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OBJECTIVES: Support for people with dementia in their communities is neither robust nor consistent in the UK, often bolstered by third sector/grass-roots initiatives facing formidable challenges in sustaining long-term. The Get Real with Meeting Centres project explored factors involved in sustaining one such form of community-based support. This is the second of two linked articles outlining learning from this realist evaluation of Meeting Centres (MCs) for people with dementia and carers, which focusses on findings regarding their operational and strategic running. METHOD: Semi-structured interviews and focus group discussions were conducted with 77 participants across three MC sites in England and Wales, including people living with dementia, informal carers, staff, volunteers, trustees, and supporting professionals/practitioners. Data were themed, then analysed using soft systems methodology and realist logic of analysis. RESULTS: Forty-two 'context-mechanism-outcome' statements were generated, explaining how background circumstances might trigger responses/processes to produce wanted or unwanted outcomes regarding three key areas for MC sustainability: External relationships and collaboration; Internal relationships and practices; and Finances and funding. CONCLUSION: Collaboration is essential to sustaining community-based initiatives such as MCs, particularly between local community and regional level. MCs need to be vigilant in mitigating pressures that create 'mission drift', as targeting a gap in the care pathway and maintaining a person-centred ethos are central to MCs' appeal. Stable, ongoing funding is needed for stable, ongoing community dementia support. More formal recognition of the value of social model community-based initiatives, helped by improved data collection, would encourage more robust and consistent community dementia support.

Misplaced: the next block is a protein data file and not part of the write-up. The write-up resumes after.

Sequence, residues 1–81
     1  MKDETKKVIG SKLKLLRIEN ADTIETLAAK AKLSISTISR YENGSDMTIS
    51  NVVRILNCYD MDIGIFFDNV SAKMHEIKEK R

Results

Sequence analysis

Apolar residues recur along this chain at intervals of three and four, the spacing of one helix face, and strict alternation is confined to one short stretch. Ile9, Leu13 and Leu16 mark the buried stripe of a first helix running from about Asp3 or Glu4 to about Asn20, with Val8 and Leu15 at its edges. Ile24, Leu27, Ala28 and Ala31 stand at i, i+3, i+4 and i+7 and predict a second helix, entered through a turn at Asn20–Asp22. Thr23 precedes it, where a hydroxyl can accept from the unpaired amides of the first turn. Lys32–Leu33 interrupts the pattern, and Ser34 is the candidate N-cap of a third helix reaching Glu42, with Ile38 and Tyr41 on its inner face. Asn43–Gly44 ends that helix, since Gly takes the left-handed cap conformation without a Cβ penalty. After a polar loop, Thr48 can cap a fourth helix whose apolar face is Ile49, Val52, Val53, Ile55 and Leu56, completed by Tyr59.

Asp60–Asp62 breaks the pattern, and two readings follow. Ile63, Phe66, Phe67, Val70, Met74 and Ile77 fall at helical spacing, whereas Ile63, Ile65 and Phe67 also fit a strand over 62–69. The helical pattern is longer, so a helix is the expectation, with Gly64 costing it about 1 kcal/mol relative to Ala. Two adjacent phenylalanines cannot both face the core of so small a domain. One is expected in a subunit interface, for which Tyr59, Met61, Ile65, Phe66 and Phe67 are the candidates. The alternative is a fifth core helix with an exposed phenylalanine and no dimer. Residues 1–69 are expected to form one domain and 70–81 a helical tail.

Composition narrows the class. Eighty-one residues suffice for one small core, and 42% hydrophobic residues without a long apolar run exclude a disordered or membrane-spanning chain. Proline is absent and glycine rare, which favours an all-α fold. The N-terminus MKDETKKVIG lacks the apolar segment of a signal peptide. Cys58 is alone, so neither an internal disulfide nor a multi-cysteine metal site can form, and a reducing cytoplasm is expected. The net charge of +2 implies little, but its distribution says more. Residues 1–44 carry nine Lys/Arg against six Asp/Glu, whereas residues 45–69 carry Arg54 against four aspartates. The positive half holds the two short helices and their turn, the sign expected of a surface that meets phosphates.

Original publication




Journal article


Aging Ment Health

Publication Date



1 - 9


Dementia, community support, post-diagnosis, psycho-social, social isolation